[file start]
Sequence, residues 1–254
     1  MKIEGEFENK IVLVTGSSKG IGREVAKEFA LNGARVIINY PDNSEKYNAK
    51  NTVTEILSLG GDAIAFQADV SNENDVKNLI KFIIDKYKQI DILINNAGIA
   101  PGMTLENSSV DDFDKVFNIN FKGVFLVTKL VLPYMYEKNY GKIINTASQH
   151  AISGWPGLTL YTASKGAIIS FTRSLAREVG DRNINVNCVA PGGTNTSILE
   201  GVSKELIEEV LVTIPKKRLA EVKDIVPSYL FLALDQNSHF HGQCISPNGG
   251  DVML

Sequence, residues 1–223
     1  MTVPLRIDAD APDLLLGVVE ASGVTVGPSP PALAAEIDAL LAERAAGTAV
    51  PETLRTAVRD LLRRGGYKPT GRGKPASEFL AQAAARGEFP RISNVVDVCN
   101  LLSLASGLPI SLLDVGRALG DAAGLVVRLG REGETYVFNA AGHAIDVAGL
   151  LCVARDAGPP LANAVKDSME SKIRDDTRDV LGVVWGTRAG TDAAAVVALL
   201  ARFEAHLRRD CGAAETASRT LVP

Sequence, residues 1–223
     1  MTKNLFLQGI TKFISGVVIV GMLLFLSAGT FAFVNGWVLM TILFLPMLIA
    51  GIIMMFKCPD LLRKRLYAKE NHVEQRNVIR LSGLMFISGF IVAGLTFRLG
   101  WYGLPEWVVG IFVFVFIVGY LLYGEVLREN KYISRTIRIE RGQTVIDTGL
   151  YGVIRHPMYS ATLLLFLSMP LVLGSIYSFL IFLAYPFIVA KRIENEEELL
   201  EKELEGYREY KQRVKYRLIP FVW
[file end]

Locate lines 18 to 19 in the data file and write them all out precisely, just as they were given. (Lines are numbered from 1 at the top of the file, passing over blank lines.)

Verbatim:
   151  YGVIRHPMYS ATLLLFLSMP LVLGSIYSFL IFLAYPFIVA KRIENEEELL
   201  EKELEGYREY KQRVKYRLIP FVW